Top of My Christmas List, 1990.

My parents didn’t budge. My family and expensive sneakers have never been on what you might call speaking terms. Plus, I’ll just outgrow them.

I don’t use words like exquisite very often, but these were like Zoey Deschanel in Elf. Miraculous.

The Story Behind “The Politics of LOST” Posters and Some Paleo-Futurism of My Own

Christopher Cocca

When I hunkered down with fiction last year, I took many, many old posts off-line as a way of resetting my own internal narrative and focusing on a very different way of writing.  I’ve talked about that a few times on this blog since.  I had the sense that I needed to let the fiction I was writing say everything I was wanting to say, and it was a good choice for me then.  Between now and May, I’ll be writing fiction more intensely than ever, but I’m also thinking about blogging (and nonfiction in general) in new ways.   This year, I have the creative room (and patience) for both.  See kids, getting older’s not so bad.

I was looking over some old posts to re-release today (digitally remastered in sweet, sweet mono) and I found this explanation behind the genesis of the LOST posters I shared on Saturday.  Credit where credit is due:  my wife was the inspiration behind that project.  I also forgot that the creator of the Obama Poster maker website that I used came by to comment on the post.  It’s funny how time flies and how quickly you forget things.  Adjusted thoughts on aging: +1 for patience, -1 for memory.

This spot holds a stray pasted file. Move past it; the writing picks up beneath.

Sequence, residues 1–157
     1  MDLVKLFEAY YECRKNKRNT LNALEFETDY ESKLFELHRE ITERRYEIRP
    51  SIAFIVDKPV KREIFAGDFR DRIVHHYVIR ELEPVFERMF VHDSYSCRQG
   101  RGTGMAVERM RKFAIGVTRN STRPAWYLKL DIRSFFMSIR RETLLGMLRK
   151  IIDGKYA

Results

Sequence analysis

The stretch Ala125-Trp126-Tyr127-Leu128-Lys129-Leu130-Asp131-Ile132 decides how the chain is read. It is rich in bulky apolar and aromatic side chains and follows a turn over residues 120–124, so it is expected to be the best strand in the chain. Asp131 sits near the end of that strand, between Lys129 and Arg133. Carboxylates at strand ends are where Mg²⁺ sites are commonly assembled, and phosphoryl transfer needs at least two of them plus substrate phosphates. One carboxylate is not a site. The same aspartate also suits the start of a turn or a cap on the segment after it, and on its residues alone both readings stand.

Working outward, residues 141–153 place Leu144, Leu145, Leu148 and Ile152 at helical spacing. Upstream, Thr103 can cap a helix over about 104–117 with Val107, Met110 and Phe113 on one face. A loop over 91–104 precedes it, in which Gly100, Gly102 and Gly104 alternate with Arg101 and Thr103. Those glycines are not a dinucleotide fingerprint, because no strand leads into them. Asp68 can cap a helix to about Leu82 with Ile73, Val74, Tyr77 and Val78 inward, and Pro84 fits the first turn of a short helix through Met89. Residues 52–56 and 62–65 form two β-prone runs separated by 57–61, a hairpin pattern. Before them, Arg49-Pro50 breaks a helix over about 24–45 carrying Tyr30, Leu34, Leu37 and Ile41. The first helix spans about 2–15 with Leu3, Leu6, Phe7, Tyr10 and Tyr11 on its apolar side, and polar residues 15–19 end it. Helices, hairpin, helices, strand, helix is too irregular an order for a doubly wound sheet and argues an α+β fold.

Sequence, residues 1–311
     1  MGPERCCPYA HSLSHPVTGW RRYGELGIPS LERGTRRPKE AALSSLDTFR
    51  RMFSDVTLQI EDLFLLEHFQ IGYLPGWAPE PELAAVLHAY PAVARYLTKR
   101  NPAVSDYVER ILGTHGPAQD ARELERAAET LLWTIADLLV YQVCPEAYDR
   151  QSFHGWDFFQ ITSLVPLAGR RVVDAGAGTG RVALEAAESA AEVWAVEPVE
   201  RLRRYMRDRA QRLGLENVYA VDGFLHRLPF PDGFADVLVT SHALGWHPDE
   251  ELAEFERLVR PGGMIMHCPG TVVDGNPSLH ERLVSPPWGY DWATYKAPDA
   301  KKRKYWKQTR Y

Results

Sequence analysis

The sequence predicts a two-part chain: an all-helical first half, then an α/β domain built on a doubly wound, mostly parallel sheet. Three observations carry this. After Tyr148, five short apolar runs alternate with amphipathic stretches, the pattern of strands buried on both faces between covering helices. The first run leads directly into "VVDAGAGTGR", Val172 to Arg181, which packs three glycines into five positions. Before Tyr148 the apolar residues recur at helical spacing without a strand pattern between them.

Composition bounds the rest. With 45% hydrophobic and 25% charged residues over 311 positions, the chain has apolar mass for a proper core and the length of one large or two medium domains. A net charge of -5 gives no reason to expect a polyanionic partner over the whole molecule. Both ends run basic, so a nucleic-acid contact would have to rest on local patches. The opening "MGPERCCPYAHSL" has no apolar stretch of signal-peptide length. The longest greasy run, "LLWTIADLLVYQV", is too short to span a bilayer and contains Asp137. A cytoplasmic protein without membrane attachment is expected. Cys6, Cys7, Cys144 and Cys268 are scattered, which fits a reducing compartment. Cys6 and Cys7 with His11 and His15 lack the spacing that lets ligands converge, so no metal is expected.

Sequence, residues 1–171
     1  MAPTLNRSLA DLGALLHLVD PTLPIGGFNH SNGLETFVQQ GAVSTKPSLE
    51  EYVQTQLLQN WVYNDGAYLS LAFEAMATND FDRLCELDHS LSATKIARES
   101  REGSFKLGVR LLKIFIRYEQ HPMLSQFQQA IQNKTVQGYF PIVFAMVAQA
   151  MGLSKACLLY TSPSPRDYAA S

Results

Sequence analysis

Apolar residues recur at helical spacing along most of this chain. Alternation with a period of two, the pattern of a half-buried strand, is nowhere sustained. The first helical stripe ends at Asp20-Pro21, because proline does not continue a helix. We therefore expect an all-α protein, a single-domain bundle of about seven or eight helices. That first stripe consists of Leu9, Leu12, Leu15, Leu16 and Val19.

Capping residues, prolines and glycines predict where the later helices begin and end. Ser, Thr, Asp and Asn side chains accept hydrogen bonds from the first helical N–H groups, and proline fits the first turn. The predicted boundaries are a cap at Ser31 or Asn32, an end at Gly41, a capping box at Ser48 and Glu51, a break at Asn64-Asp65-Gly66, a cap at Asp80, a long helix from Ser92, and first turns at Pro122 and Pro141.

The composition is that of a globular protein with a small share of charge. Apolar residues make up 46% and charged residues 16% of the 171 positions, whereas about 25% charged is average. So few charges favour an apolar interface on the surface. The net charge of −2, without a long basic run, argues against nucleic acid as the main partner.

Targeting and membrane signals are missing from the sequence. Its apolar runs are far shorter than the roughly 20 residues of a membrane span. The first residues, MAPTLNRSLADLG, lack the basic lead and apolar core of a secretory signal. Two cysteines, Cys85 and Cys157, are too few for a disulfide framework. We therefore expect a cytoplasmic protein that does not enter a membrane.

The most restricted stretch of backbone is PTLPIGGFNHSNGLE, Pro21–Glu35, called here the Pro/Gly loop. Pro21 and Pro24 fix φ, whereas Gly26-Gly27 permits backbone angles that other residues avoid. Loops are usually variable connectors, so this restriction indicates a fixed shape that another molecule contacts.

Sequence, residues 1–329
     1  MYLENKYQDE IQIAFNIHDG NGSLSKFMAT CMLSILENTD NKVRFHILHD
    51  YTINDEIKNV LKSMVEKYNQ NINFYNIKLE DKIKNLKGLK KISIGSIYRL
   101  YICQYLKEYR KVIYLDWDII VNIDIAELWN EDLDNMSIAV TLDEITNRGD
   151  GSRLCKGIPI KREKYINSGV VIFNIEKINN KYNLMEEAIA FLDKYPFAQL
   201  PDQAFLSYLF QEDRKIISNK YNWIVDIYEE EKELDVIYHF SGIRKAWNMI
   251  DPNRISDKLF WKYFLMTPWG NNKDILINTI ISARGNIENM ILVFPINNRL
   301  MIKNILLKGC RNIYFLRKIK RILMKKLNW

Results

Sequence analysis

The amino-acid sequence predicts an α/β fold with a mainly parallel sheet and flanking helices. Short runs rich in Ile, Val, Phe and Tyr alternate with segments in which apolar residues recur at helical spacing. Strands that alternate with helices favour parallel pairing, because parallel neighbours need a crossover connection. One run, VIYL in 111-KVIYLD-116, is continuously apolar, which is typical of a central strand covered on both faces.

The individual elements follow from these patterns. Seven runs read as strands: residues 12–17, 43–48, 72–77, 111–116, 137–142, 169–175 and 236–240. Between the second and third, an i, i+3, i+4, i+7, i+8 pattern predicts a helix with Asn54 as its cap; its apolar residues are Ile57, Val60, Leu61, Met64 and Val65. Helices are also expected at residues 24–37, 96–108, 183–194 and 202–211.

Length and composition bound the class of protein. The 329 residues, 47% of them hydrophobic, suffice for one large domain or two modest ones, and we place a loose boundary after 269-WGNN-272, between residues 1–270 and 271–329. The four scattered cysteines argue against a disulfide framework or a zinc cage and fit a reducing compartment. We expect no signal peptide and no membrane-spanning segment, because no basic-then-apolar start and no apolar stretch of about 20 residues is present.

I similarly found “What The Future Used to Look Like“.  It started with the idea that terraforming the universe is our moral duty as creatures and ended up being a free-association/stream-of-consciousness thing about the politics of futurism.

When you have a minute, consider looking over your own old posts or journal entries and see if you don’t surprise yourself.  What were you writing about this time two years ago?

Love, Again, Is a Mixtape

At the end of the last decade (this post is from 2010), we were curating so much loss.  Mostly of physical artifact.  I can’t find the quote below, but if memory serves, it was from a page at ThinkGeek selling USB drives. 

“Mixtapes are a lost art in a dead medium.

The Mixtape is a fine art that is threatened by the loss of the medium. Two channel analog magnetic tape is disappearing in favor of MP3 files. A mixtape is a snapshot of your musical and social tastes during the brief period in which you created it. That summer in 1992, maybe your mixtape was full of Stone Temple Pilots, Morrissey, Toad The Wet Sprocket, The Cure, and audio-clips from Blade Runner. You gave that tape to your girlfriend. She dumped you, but not because of that mixtape. That was awesome!

Check. this. out.

I’m glad I’m old enough to have done this on real magnetic tape once upon a time.  Remember taping things from the radio?  The best.   A few months ago I found a tape I made of a local radio station circa 1994.  Almost too beautiful to handle.